Barbadillo Solear Manzanilla – on offer at £7.49 a bottle until 20 September at Waitrose
I wrote recently that dry Fino and Manzanilla sherries are one of my favourite summer drinks, so I heartily recommend having a bottle of this in the fridge. Fresh, very dry and with a hint of nuttiness and of ozone-y sea air, this is a wonderful aperitif style. Try it with salted almonds or with gazpacho on a sunny weekend lunch.

Hatzidakis Santorini Assyrtiko - £12.99 from Waitrose
This little piece of Greece from the Island of Santorini is surely the epitome of summer. Assyrtiko is a native Greek variety that reaches its apogee on the arid, volcanic soils of Santorini. Grapefruit acidity combines with a juicy stone fruitiness and a whiff of pumice stone to create a flavourful, refreshing mouthful, with wonderful texture. Anything involving seafood, olive oil and garlic will shine with this.

Cune Barrel Fermented Rioja Blanco 2015 - £10.49 from Waitrose; Tanners have the 2014 for £10.30
We mostly think of Rioja as a red wine-producing region – but a warming, oaky red doesn’t quite strike the sunny note we’re after here. White Rioja is less well known, but it is a great style for easing from Summer to Autumn. The flavours are fresh with yellow/green plum fruit, but also some weight and body, as well as spice from the oak fermentation and ageing. This will stand up well to roast or barbecued chicken.

Whispering Angel 2015 - £15.99 (as part of mixed case of 6 – single bottle £19) from The Wine Reserve, Cobham; £15 (if buying 6 or more – single bottle £16.99) from Taurus Wines, Bramley
Rosé has an almost magical property – it can make any glimpse of sun, no matter how fleeting, feel instantly summery.  Whispering Angel is beautifully pale and delicate, but with lovely, slightly herbal flavour and real persistence. Try it with the last of the summer salads, especially if tomatoes are involved.

Feudo di Santa Tresa Frappato Terre Siciliane IGP 2015  - £9.95 from organic specialists Vintage Roots

A perhaps surprisingly fresh, light and delicate red from Sicily, made from the native Frappato variety. With its light body and cherry fruit yet still food-friendly dryness, it is renowned locally as the perfect red wine for fish, and who am I to disagree? If you get a late summer hot day, it will take well to chilling.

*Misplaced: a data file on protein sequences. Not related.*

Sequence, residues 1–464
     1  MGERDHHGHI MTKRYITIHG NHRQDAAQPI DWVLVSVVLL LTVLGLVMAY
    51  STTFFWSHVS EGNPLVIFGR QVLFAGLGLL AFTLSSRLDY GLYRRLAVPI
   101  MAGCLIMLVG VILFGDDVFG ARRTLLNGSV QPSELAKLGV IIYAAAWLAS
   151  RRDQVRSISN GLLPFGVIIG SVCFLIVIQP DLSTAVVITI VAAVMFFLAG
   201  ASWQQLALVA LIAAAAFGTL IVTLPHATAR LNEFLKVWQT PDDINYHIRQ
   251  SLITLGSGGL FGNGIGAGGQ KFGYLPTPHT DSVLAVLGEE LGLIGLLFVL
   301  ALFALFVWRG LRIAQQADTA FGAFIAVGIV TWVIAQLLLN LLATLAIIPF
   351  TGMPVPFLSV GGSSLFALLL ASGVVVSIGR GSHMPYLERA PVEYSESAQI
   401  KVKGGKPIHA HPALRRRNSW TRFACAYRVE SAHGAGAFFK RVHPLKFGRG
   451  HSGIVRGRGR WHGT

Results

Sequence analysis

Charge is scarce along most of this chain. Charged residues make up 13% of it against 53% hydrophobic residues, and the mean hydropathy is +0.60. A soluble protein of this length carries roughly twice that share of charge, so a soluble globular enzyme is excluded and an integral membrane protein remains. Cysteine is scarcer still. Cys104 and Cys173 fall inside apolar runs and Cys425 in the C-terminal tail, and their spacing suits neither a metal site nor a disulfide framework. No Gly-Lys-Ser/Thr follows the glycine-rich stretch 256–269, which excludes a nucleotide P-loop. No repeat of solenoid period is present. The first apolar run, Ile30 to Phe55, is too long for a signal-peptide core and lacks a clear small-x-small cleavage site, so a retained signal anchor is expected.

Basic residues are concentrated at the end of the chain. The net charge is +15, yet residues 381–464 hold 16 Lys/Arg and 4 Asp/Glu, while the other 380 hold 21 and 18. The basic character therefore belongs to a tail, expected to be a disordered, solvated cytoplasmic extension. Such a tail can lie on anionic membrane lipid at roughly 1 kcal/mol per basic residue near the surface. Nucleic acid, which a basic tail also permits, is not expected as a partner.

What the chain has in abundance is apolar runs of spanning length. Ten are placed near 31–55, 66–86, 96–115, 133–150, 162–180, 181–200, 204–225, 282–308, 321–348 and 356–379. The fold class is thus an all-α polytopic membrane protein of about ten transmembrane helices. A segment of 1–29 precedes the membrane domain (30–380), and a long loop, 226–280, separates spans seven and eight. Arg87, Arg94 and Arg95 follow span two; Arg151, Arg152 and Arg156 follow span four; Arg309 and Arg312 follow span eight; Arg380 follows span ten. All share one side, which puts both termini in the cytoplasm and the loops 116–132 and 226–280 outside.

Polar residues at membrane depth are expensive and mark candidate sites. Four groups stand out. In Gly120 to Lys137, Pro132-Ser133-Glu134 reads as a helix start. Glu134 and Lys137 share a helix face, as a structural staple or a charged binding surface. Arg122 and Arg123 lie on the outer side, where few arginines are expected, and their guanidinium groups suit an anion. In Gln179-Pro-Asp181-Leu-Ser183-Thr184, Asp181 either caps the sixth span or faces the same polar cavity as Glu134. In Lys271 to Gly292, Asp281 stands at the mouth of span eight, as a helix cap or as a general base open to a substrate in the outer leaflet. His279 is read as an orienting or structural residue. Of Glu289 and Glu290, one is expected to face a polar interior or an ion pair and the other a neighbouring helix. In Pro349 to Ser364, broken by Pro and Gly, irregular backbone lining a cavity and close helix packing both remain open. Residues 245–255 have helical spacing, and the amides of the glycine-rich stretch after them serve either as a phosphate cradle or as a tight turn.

Friday, 26 August 2016

Champagne - more to it than meets the eye

A Champagne house’s Non Vintage blend is their shopfront, accounting for 80% or more of their sales. Its job is to reflect the house style, consistently, year in, year out.

Veuve Clicquot, for example, is known for the high proportion of Pinot Noir in its Brut Non Vintage (the iconic Yellow Label), usually accounting for just over half of the blend, followed by Chardonnay and Pinot Meunier. Other grande marque Champagnes with a similar emphasis on Pinot Noir include Bollinger Special Cuvée and Lanson Black Label Brut NV.

But if you try these three Champagnes, you’ll find big differences in style between them. Lanson is incredibly fresh, with lasting, lemony acidity. Bollinger, by contrast, is full flavoured, rich and spicy. Veuve Clicquot Yellow Label lies perhaps somewhere between the two, with a mix of fruit and brioche aromas, combined with structure and length on the palate.

There is clearly much more to Champagne house styles that just the blend of grapes involved. Things that also have a key role to play are where in Champagne those grapes come from: Chardonnay from the heart of the chalk-rich Côte des Blancs will usually be much more linear, austere even, than Chardonnay from the more southerly but still chalk-rich area of Montgueux, for example. The amount and age of the reserve wines, wines from previous harvests used to smooth out vintage variations and to preserve house style, are also key considerations. How long the wine ages in the cellar (on its lees) before release is considered an important element for quality. Finally, the winemaking itself puts its stamp on the final wine.

One of the key winemaking decisions is whether to use oak for fermentation and/or ageing. Bollinger, again, is perhaps the most well-known Champagne where the use of oak is key to its rich flavour. Moët et Chandon’s Brut Imperial NV has no oak ageing, in keeping with its fresh, supple style.

Veuve Clicquot’s Yellow Label Brut NV, has, for the past few years, contained a very small proportion (as little as 1-2%) of oaked wines. This development has been driven by their cellar master, Dominique Demarville, who has pioneered the use of oak in Veuve’s vintage Champagnes since his first vintage in 2008. 

Vintage Champagnes, by definition, must only contain wines from a single year of production. Dominique’s thinking was to give Veuve’s Vintage Champagnes some of the spice and complexity that their Non Vintage Champagnes gain from the addition of older reserve wines. The amount of oak used, even in the Vintage, is small – only 5% in the newly released 2008.

Can you tell it’s there? Ultimately, it’s impossible to say, as Veuve Clicquot do not release an oaked and an oaked version of their wines. However, sampling oak aged and tank aged samples of wines from the 2015 vintage, the effect on the individual wines is pronounced, changing not only the flavours of the wine, but also its texture, how it feels in the mouth.